Wheels24

Cover with RAF just doesn't fly

2011-11-02 10:25

Before you set off on holiday this year-end take a few moments to consider what will happen if you’re in a collision with another vehicle whose driver has no insurance – will you be covered?

Certainly cover through the state’s Road Accident Fund (RAF) isn’t going to pay your living expenses and medical bills into the future should be you be permanently disabled – well, save for a paltry R160 000 a year – or about R13 500 a month.

RIGHT TO SUE ENDED

That’s a result of changes to the state’s RAF payout system brought about in 2008 that has made it imperative to have personal accident insurance for you and your family.  

Before 2008, vehicle passengers could not only be compensated financially by the fund for injuries, medical expenses and loss of income but could also sue the guilty party for any shortfall. Now the maximum an innocent road-user can claim for injuries is R160 000 a year - but the right to sue the guilty party has been abolished.

Which, if you are the innocent party, could leave you way out on a very shaky financial limb...

According to PSG Konsult Corporate (PSGKC), the two major changes that could shatter your and your family’s life are these:

•    Road users can still claim
for injury, medical treatment, loss of income or death resulting from the negligence of a driver but a R160 000 p.a. limit now exists.  (The previous limit was R25 000 a year.)
•    So, that sounds like good news but wait... remember that the new Act has removed a person’s Common Law right to sue the guilty party.

The amended Act was challenged by the Law Society of South Africa, the Quad Para Association, the SA Association of Personal Injury Lawyers and the Johannesburg Attorneys’ Association. The Constitutional Court, however, found that these restrictions were not unconstitutional. Bertus Oosthuizen of PSGKC believes, though, that “in the event of a claim, the amendment may come under scrutiny again and end up in the Constitutional Court".

WHAT ABOUT SCHOOLCHILDREN?

The situation with school transport is also a big problem.  According to Oosthuizen there are major issues around school-bus insurance.

 “By law,” he says, “insurance companies are only allowed to offer personal and accident cover, under a school accident policy, to a maximum of R5000 per child. Unfortunately the only way to get adequate cover for your school-going child is to take out your own personal accident policy.

“Many parents only find out later that they can’t even sue the school so are left in a really difficult and sometimes financially crippling situation.”

In the past, the liability section under your vehicle insurance accommodated these claims through legal action against the driver/owner of the vehicle under the section ‘Passenger liability”.  The problem facing the insurance industry, as well as the public, is that since the new Act came in effect there has not been a court case that can be used as a precedent.  

So, the insurance industry still recommends that you keep the passenger liability cover under the vehicle section until the market can refer to a particular court case.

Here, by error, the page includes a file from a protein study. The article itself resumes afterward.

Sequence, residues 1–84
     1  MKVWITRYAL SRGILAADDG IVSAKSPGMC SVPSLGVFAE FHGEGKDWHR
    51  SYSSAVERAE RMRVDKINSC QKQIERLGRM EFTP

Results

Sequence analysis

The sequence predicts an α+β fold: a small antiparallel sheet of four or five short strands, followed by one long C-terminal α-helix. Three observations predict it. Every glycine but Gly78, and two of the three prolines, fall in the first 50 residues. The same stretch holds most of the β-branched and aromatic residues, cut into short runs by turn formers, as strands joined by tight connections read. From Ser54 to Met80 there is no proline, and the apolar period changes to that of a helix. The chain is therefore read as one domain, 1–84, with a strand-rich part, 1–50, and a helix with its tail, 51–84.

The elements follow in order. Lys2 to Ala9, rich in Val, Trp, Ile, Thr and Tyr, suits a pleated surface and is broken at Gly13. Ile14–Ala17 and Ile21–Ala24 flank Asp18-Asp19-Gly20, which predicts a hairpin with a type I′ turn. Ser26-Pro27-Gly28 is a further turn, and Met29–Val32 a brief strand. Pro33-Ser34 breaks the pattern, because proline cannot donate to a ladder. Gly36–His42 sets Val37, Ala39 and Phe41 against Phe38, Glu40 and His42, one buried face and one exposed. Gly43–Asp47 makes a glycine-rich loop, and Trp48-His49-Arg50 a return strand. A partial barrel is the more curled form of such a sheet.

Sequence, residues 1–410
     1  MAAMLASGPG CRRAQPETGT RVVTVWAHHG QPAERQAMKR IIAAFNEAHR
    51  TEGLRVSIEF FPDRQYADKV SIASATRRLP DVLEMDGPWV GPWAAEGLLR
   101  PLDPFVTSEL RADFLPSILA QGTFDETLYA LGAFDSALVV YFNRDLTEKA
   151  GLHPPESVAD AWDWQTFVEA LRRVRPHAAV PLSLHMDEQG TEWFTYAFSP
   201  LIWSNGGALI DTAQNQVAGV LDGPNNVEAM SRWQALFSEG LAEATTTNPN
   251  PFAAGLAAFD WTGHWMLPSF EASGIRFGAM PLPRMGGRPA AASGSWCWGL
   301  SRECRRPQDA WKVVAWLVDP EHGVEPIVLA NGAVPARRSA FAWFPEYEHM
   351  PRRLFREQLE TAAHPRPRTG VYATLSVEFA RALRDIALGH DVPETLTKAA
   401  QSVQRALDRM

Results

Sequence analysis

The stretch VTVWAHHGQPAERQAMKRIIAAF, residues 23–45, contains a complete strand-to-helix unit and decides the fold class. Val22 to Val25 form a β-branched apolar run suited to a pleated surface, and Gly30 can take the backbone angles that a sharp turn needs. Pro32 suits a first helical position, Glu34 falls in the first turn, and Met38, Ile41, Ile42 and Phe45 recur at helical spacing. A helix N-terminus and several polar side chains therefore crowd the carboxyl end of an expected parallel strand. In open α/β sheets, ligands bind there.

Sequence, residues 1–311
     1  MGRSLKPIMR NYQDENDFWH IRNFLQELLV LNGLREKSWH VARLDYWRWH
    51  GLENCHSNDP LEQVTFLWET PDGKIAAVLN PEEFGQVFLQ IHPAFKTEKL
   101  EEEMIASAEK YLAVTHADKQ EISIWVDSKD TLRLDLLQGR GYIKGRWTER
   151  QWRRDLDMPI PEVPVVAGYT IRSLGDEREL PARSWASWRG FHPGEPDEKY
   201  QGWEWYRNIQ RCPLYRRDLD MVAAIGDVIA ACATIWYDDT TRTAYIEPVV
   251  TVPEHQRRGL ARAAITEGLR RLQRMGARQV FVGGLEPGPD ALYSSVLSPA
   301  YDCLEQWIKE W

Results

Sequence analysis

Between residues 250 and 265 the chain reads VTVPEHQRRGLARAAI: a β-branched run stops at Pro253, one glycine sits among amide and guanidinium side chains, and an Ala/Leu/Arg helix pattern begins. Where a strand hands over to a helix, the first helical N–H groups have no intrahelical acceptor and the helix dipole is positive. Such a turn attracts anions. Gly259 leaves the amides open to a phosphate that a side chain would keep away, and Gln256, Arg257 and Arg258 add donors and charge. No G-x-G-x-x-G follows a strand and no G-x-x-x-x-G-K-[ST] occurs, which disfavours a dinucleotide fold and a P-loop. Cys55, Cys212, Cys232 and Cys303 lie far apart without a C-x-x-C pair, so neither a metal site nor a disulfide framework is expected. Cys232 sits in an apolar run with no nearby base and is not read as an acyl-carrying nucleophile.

TYPE OF CRASH COUNTS

Who is covered under the Road Accident Fund? All road users, whether the vehicle driver, a passenger, a pedestrian or a cyclist; the only qualifying factor to lodge a claim against the RAF is that a motor vehicle accident must have occurred.

Oosthuizen adds: “Not all accidents are covered under the RAF. For instance, if your vehicle skids into a tree, injuries which leave you permanently disabled will not be covered; the Act stipulates that the actual driving of a car must have led to the injuries or death.  So, if you collide with a tree, the tree caused the injuries, not the car.  The same applies if a mechanic is working on a car and it falls on him, the RAF will not cover the claim.”

What can we do to protect ourselves from these shortfalls - the restriction of R160 000 a year and the fact that you cannot sue the negligent driver? Get a personal accident policy which provides cover for death, permanent or temporary disablement and medical expenses limited to the sum insured.

SOME EXAMPLES...

A professional person in an expensive vehicle is involved a collision. There is no third party involved but the “professional” is permanently disabled and cannot work. Maximum RAF claim: a meagre R160 000 a year.

The same driver is involved with a third party but is an innocent party. The only amount the innocent person can claim is – once again –R160 000 a year. Legal action against the guilty driver is not permitted.

Person A is a passenge
r in a vehicle whose driver causes an accident. Both are permanently disabled by the accident. The maximum amount either would be able to claim from the RAF individually would be R160 000 a year. Before 2008 the driver was excluded from claiming against the fund.

The answer to each of the above - a personal accident policy from a reliable insurance company.

Buy yourself and your family one.

Before Christmas.

Comments
  • mariska.lesch - 2011-11-02 15:58

    If the previous limit was R25 000 a year as per your article, how is the current limit of R160 000 per year LESS then the previous limit? • Road users can still claim for injury, medical treatment, loss of income or death resulting from the negligence of a driver but a R160 000 p.a. limit now exists. (The previous limit was R25 000 a year.)

  • Esaia - 2011-11-03 09:00

    The R 25 000 was for Special Damages for example Loss of Earnings Medical Expenses Past and Future all limited to 25K. If your past medical expenses amounted to R30 000 , Loss of Earnings R 5000 Total loss R 35 000. You will be paid out only R 25 000 to cover both heads of damages. The shortfall you were able to claim from the Offending driver.

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